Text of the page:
The Expulsion From Gush Katif

Gush Katif Resource to educate and enlighten

Super Great-Grandmother of Jewish Gaza Passes Away- In Memory of Sylvia Mandelbaum

Posted by emmalazarus on August 14, 2008

Super Great-Grandmother of Jewish Gaza Passes Away
In Memory of Sylvia Mandelbaum
By Shifra Shomron
Nitzan Caravilla

Once she gifted me with an elegant wallet. It was black leather with golden clasps. I thought it very handsome, but I was a mere teenager and didn’t feel comfortable accepting it from an elderly lady. But she insisted I take it. And being Sylvia Mandelbaum, she won her point. She nearly always did… She was a determined person. Spunky too. She fell in love with Gush Katif when on a tour there at an advanced age (“my age is nobody’s business but my own”) and moved there. In the early days, while her villa was being constructed, she lived in a caravan adjacent to my family. And she determinedly brought back floor tiles for her house in order to move the building process along quicker.

Her Neve-Dekalim villa-neighborhood house was lovely. She had long, colorful, glass-stained windows, the house was spacious, and the furniture nicely arranged. Her garden was a dream. A well-kept lawn, large sweet-smelling rose vines, tall mimosas and several fruit-bearing tangerine trees. In the villa neighborhood the children all affectionately knew her as ‘grandma’ – a fact which filled her with pride. She would regularly host spaghetti dinners in her garden for them so their parents could rest from cooking. Sylvia laughed telling me that the mothers would show their thanks by sending her portions of the meals they made. Sylvia was amused saying that she certainly enjoyed the Israeli cooking, but what she enjoyed more was having the young children around her…

She had a fascinating history. Since I know I won’t possibly do it justice, I’m quite reluctant to even try. She started by designing shoes. She told me that she was very good at it. But she didn’t remain at that job. She married, she had children, she moved to California (for the climate), she was a real estate agent, later she made Aliyah and she also wrote many articles over the years and authored books. She also introduced Gishur (divorce by mitigation) in Israel which is quite a feather in her cap. I’m convinced I don’t know all of it. Despite my willingness to listen, she wasn’t one to dwell much on the past – she was interested in the present. She listened to the news and kept herself up to date. And when the Disengagement Plan first breathed air she was very worried as to the future of the nation, and as to her own future. She had reason to be.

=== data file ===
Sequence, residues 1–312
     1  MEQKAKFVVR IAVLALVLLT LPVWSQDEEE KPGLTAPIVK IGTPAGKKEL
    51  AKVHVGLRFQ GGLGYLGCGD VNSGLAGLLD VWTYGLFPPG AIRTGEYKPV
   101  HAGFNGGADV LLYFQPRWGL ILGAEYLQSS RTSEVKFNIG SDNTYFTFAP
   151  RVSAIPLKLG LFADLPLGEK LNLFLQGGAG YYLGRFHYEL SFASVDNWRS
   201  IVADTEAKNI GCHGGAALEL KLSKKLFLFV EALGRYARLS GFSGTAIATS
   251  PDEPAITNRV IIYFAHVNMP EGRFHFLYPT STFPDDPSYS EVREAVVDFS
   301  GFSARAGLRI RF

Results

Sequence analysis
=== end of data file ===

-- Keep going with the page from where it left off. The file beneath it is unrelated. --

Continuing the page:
When I first started writing articles she insisted on reading them. She told me I was lucky; that I had discovered very early in life where my talent lay. And to my great embarrassment, she insisted on my autographing for her every article I wrote.

Mrs. Sylvia Mandelbaum has passed away today.

It is three years to the expulsion of Neve Dekalim.

She was buried in Jerusalem at 3:30 this afternoon in Har HaMenuchot, at the entrance to Jerusalem.

And what remains to me are memories of an ardent Zionist and independent thinker. She was certainly an activist and a doer in her lifetime. And I continue to fondly use the wallet.

Shifra Shomron is the author of the historic novel, Grains Of Sand: The Fall Of Neve Dekalim, (Mazo Publishers, 2007).
“Travel beyond time and beyond location – into my Gush Katif”
Visit Shifra’s website:


2 Responses to “Super Great-Grandmother of Jewish Gaza Passes Away- In Memory of Sylvia Mandelbaum”

  1. Hadassa said

    I met Sylvia only a few times, but as everyone did in Gush Katif, we all knew her. I’ll never forget her three-wheeled bicycle with large basket and “Rolls Royce” license plate. And how she forced the big Sephardic green-grocer to speak to her in ENGLISH! I can’t imagine that anyone else did, but Sylvia, z”l, was Sylvia.
    Among the many sins of the Expulsion Government they will have to pay for making the last three years of Sylvia’s life a great hardship instead of a contented life surrounded by loved-ones. Arab terror never phased her, not even the mortars. It was the expulsion that broke her heart and must have taken years off of her life.
    Thank you Shifra for writing in her memory.

  2. Hadassa: your comment invoked other memories in me. I recall that when a bullet had made a small indentation into the exterior of Sylvia’s (cement) house, she was almost excited. The chances of a bullet reaching her villa neighborhood were slim, and it was incredible that once covering this distance the bullet had enough power to make an indentation into her wall. Sylvia viewed it as a novelty and showed the bullet in the indentation to all her visitors… When it fell out she was disappointed and had it put back in.

    It has been brought to my attention that Sylvia OBM was 92 and a half at her passing. She was born the seventh day of Chanukah.


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